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Painting a picture; The subtle effects palettes have on us

Out of all the senses, vision is the most engaged sense when it comes to film. An interesting plot, good lighting, motion, and framing is what drives the film visually. But what about colour? It is very prominently present in films; but how impactful is colour, really?

Take a look at the pictures below. What do theymake you feel? What genre do you think they belong in?

Picture A vs Picture B

Picture A feels like it’s from an adventure fantasy genre, while Picture B feels like it is from a survival, horror genre, right? They are the same picture, why then are we getting different feels from them? This can be answered by colour.

Colour has this wonderful, and almost magical property of making us feel things. And it does so in the most subtle and imperceptible way. Applying the correct colour scheme to your scenes can instantly make your audience feel a certain way.

Let’s take ‘Twilight’ as an example. The colour palette in the entire movie is greenish blue. By adding this colour in the scenes, a feeling of coldness, and even ominousness to a certain extent, is achieved. The setting of Forks being a cloudy, cold and rainy town is instantly felt due to the correct use of the colour scheme.

Stills from Twilight.

This is why most horror and mystery movies use darker colours. It makes us feel as if something is being hidden in plain sight and thus keeps the audience on the edge of their seats. Darker colours create tension and automatically induces the element of fear.

A screen grab from ‘Lights Out’

But it is not always necessary to use only dark colours in mystery movies.

‘The Grand Budapest Hotel’ is an excellent example of this. Although it is a murder mystery, the colour scheme is very soft and pastel. This makes the film quite intriguing and adds in the element of unexpectedness. At the same time, it also gives a sense of nostalgia as Zero remembers his story.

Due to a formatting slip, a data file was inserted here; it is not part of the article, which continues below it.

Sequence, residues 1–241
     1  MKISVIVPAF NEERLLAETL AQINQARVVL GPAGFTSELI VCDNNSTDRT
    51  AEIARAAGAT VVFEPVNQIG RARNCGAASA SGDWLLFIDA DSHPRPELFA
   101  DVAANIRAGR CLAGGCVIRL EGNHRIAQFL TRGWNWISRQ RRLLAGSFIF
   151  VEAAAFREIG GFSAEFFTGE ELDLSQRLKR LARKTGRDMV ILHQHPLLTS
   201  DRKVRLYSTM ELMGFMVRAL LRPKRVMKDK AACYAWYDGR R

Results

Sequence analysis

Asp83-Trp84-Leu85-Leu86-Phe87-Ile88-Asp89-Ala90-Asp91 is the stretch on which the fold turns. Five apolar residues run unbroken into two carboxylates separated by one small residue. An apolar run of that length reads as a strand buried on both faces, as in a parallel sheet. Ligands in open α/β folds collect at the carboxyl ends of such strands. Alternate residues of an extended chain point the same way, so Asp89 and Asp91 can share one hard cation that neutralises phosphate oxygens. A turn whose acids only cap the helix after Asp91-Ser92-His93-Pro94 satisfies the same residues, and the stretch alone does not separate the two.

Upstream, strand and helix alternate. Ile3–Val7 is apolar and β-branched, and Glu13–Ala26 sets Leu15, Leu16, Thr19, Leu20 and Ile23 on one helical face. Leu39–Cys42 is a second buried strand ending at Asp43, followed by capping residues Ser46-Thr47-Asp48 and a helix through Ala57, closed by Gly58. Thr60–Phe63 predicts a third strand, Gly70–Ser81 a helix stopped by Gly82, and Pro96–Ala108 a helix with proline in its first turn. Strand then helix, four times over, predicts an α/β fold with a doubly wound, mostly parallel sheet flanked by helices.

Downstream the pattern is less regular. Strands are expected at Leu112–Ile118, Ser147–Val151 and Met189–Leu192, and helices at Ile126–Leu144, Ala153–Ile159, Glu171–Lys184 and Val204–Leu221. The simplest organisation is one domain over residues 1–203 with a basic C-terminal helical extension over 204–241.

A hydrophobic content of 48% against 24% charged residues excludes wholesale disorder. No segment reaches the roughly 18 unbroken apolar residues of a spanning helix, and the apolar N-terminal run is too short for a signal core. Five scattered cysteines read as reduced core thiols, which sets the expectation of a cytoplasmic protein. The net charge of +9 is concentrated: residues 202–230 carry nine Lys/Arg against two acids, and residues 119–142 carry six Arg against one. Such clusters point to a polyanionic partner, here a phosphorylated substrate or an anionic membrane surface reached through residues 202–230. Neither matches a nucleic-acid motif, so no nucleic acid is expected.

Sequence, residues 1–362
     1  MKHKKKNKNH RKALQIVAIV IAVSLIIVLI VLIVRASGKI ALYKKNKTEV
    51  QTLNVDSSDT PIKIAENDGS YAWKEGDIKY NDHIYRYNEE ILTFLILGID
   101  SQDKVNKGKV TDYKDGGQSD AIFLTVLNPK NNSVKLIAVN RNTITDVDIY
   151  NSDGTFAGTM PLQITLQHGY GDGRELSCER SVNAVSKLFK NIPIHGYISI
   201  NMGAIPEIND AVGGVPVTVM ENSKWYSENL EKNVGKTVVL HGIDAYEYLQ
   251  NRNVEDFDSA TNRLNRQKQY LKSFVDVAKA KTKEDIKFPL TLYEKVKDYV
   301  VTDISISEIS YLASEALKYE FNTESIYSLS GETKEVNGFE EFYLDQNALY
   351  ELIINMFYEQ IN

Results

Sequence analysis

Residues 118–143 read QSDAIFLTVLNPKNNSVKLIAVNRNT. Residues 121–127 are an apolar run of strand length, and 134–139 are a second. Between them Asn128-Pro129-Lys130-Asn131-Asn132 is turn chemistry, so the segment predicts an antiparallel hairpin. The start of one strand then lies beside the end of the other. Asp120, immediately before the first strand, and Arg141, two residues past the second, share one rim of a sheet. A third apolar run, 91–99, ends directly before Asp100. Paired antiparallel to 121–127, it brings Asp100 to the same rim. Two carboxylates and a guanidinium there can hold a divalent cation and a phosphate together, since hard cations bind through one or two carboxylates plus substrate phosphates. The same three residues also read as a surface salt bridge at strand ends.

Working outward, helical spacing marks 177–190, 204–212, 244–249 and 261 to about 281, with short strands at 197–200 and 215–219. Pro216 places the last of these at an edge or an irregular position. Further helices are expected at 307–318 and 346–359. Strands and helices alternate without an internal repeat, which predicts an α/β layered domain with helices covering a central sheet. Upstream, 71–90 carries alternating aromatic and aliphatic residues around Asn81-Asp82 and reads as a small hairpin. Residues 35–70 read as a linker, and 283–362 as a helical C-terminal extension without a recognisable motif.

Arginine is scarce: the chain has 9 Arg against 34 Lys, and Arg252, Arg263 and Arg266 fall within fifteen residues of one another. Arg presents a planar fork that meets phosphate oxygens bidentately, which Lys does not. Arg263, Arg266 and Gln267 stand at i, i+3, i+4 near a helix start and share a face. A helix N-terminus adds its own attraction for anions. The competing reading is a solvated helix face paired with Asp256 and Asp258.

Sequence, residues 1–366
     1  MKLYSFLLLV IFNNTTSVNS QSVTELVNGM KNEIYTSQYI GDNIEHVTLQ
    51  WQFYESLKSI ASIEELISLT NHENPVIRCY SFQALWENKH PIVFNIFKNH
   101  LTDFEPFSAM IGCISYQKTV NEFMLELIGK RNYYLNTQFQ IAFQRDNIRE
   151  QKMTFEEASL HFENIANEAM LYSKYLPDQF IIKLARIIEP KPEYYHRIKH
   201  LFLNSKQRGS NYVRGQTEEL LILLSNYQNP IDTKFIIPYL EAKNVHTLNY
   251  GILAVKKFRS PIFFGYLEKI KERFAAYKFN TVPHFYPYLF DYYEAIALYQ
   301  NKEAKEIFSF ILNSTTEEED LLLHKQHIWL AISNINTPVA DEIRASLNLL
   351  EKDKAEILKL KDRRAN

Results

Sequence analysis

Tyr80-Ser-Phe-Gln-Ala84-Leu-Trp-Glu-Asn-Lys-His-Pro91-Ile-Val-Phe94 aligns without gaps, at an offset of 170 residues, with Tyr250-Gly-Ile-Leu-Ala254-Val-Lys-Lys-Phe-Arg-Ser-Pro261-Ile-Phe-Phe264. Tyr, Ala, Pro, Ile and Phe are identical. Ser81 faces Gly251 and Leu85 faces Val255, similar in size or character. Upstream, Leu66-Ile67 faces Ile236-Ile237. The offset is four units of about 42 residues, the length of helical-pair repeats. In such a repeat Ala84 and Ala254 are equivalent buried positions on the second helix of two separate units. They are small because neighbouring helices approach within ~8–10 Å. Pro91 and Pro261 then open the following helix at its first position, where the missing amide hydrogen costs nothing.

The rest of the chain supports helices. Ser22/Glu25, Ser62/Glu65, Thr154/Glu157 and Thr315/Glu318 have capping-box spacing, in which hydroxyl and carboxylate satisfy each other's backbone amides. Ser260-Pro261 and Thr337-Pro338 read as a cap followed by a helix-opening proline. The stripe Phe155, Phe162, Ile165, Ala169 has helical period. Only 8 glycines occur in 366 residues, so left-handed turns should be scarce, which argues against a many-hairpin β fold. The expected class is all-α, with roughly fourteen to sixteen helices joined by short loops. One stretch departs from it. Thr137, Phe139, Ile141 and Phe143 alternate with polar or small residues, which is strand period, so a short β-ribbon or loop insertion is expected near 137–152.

Pastel hues feel naïve, innocent and soft

‘Midsommar’ is another movie that strays away from dark colours for horror. With a bright and colourful palette, it almost feels like a fairytale. And this is exactly what makes it much more shocking. Apart from the other elements of the film, the witty use of such a colour scheme elevates the eeriness of the film and makes it almost illusionistic.

The bright sun, meadows, and flowers go well with the grotesque scenes to create a horrific and eerie sensation

However, brighter colour schemes need not always be eerie! Children’s movies, and also comedy movies utilize bright colour palettes as it is more attractive and fun.

A screen grab from ‘Daddy’s Day Care’

Colour can also be excellently used for individual characters in movies. Most films use darker colours for the villain to portray their dark side and evilness; whereas heroes are mostly shown in lighter colour schemes to symbolize their righteousness.

Voldemort’s scenes had darker colours while Harry Potter had a brighter colour scheme
A clear distinction is seen between the colour palettes of Scar and Simba from ‘The Lion King’

Apart from making the frame darker, or the atmosphere a certain colour, incorporating the palettes to the character’s costume also adds in a nice touch. Similarly, a character growth or change can be seen in the subtle change in their costume colour. Not easily perceivable but creates a huge impact on how the audience views the character.

The Vampire Diaries’ Elena Gilbert’s costume colour transition as the character changed from human to vampire

Colour is also used to portray characters’ emotions. Scenes where the character is feeling sad, scared etc, mostly use cool colours. Whereas positive emotions are shown using brighter and warmer colours.

Pixar uses warm and cools colours effectively in ‘Up’ to portray different emotions

All these subtle details enhance the quality of a film drastically. And if used correctly, colour can make your audience feel exactly what you want them to feel. It can create an immersive experience, connecting the audience to the film.

So, how impactful is colour really, you ask? Considering the fact that it is the whole backbone of feels, and that it can either make or break your scene, it’s safe to say that it is one of the most impactful elements in films, and can surely create extraordinary effects.

~ Riddhi Kasar



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